Cancer ABCs From Surviving To Thriving - How to Thrive with Cancer

Joel Nowak Cancer ABCs


To facilitate tangible improvements in the lives of people who have been affected by cancer(s), by providing them and their loved ones the necessary survival tools, education, support and advocacy so that they can become responsible for and take an active role in their own medical care and wellbeing.


Our goal is to teach all people affected by cancer, including those with multiple cancers and/or rare cancers, to become CANCER THRIVERS.

Methotrexate and the COVID Vaccine -WARNING
https://ard.bmj.com/content/early/2021/08/22/annrheumdis-2021-220597 As per the link above, individuals taking the drug methotrexate experience an up to 62% reduced rate of an immunological response when given a mRNA Covid-19 vaccination like to Pfizer and Moderna vaccines.  This finding suggests that patients on methotrexate may need alternate vaccination strategies such as additional doses of vaccine, dose modification of methotrexate or even a temporary discontinuation of this drug.In this podcast, Joel Nowak from Cancer ABCs, who is taking methotrexate, after having is booster shot of the Moderna vaccine was informed by his doctor that he should have not received the injection without having made a modification in his methotrexate.   Joel talks about his frustration and anger that he was not informed about this complication when the research was first published, three months prior to his receiving his Covid-19 booster shot.   Joel shared his current plan to discontinue taking methotrexate and hope that the booster will still create some antigen effect.  He will follow up in a few weeks and check his antigen level (blood test) and then if he hasn't received an adequate result go on a campaign to obtain an additional Covid vaccination booster while still remaining off methotrexate.Joel’s story should serve as a warning to anyone taking methotrexate that they need to discuss this issue with their doctors prior to having a mRNA Covid-19 vaccination.  Cancer ABCs would like to thank its podcast sponsors for their support of this podcast program.  Our sponsors include:Myovant/PfizerFoundation MedicineBayer DendreonSupport the show (https://www.cancerabcs.org/new-page-2/)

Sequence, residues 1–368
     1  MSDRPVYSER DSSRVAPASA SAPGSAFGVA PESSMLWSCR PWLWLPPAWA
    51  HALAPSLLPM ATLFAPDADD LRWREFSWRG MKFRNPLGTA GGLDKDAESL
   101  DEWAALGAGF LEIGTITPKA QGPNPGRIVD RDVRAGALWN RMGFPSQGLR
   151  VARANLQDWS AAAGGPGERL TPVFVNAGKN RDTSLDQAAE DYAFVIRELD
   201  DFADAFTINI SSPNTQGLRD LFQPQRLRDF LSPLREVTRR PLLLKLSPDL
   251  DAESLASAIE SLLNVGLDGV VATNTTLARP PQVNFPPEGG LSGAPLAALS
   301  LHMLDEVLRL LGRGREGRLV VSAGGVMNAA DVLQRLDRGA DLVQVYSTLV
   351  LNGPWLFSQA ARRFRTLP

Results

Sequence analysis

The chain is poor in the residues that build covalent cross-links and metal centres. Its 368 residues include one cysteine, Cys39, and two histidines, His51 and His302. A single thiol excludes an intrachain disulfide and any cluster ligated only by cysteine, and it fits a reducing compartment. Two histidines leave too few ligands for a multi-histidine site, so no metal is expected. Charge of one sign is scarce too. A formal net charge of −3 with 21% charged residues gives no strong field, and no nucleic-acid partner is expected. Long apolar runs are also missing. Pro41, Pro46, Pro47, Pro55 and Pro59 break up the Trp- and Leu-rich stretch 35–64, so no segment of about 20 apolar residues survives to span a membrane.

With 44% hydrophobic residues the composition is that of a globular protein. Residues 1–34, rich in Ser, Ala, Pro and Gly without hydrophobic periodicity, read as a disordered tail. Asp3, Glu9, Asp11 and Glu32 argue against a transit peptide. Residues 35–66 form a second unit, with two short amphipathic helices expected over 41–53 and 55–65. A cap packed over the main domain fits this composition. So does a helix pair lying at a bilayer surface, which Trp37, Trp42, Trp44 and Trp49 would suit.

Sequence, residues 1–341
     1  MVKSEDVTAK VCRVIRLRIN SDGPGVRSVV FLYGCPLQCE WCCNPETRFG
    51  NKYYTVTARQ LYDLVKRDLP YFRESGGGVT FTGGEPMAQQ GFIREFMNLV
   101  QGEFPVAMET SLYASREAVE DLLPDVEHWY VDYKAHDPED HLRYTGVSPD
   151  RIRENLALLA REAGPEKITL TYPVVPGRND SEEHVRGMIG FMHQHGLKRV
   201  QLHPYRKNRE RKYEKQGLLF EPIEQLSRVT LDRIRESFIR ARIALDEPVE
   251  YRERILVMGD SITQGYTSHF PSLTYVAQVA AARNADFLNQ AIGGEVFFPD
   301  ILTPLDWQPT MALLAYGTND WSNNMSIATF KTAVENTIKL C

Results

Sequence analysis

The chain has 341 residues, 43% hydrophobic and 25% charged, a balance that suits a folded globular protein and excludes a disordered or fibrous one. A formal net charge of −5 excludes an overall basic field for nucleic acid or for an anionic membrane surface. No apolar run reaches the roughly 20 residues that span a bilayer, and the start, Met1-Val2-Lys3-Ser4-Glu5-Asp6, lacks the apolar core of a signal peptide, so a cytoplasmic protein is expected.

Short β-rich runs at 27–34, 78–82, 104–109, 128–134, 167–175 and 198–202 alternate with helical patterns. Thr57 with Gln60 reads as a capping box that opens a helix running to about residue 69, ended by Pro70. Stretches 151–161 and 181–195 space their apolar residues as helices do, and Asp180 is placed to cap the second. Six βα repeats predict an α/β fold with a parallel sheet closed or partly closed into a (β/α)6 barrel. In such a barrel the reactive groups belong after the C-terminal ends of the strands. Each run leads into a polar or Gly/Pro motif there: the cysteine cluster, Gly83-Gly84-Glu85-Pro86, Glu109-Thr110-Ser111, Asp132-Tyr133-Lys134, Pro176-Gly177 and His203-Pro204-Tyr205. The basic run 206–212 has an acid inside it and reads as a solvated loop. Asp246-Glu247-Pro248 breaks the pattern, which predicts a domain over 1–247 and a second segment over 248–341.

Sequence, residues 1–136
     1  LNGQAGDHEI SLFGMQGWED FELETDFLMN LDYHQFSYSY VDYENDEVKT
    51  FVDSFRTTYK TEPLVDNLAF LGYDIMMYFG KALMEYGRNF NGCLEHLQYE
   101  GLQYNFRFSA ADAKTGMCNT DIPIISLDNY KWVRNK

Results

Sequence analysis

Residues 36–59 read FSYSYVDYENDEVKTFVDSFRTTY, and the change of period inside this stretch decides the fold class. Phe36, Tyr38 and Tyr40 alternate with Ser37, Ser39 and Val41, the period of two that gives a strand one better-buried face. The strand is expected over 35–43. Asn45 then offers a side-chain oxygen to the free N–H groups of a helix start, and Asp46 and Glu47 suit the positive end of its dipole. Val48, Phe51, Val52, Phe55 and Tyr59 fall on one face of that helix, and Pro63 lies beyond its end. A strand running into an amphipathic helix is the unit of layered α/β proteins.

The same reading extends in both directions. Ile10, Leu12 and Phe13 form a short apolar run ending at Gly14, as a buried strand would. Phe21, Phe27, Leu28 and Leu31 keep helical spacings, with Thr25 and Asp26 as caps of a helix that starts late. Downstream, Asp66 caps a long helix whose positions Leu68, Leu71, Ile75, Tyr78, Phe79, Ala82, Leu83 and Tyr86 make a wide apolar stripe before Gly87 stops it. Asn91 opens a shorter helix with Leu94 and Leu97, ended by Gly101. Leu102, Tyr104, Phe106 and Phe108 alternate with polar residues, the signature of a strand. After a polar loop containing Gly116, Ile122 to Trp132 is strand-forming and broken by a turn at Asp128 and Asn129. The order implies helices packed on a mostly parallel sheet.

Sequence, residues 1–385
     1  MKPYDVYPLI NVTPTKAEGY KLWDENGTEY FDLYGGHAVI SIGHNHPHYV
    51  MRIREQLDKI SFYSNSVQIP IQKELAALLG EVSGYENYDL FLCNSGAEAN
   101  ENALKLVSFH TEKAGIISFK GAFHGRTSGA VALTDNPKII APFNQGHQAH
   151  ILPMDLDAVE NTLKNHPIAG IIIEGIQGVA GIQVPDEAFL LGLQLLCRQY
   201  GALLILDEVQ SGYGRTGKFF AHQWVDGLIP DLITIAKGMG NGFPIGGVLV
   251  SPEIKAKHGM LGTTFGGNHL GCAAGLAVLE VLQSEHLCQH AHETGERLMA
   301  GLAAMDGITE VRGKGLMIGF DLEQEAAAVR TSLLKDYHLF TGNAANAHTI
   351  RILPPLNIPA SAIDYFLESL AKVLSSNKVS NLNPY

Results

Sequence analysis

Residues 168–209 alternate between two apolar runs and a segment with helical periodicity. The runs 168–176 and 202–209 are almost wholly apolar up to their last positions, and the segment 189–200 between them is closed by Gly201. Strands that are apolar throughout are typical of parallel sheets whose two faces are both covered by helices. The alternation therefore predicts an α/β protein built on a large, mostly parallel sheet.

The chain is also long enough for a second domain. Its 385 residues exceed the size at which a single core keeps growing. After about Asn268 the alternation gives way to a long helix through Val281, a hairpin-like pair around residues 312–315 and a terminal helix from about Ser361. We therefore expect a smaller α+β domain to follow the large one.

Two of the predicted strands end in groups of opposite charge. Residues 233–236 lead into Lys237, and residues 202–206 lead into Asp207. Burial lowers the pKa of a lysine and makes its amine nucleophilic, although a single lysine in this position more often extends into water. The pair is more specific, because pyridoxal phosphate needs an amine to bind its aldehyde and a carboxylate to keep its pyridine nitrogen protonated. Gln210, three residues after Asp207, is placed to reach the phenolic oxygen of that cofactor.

Aug 29 2021
6 mins
A Special Message for Someone Diagnosed with Cancer
When you are first diagnosed with cancer, when the doctor says to you have cancer, you are likely to have many different responses. Among these first possible responses are fear, apprehension, disbelief, sadness, anger, dread, or even denial. Any and all of these reactions are reasonable and normal.The question is how do you chose to deal with these feelings?  Everyone's cancer is different and how we as individuals deal with our cancer is also different. However, developing a specific mindset, taking personal responsibility for yourself and your medical care, learning about your disease and  deciding on how you are going to come to grips with your reality will immediately influence you today and tomorrow. We all have choices to make, the choice we eventually make will have repercussions from today until the day we die.  Making better choices is hard, but so much of our future is dependent on the choices and decisions we make from today and on. In this podcast, Joel Nowak shares some lessons he has learned about being diagnosed with cancer.  Joel has been told he has cancer on six different occasions.  He has been diagnosed with 5 different cancers (thyroid, renal (kidney), melanoma, prostate and appendiceal (appendix cancer) as well as a prostate cancer recurrence five years after his primary treatment. Cancer ABCs would like to thank its podcast sponsors for their support of this podcast program.  Our sponsors include:Myovant/PfizerFoundation MedicineBayer DendreonSupport the show (https://www.cancerabcs.org/new-page-2/)
Aug 24 2021
7 mins
New Orleans Music Producer Shane Norris Diagnosed with Prostate Cancer During Covid Shares His Journey with HIFU Treatment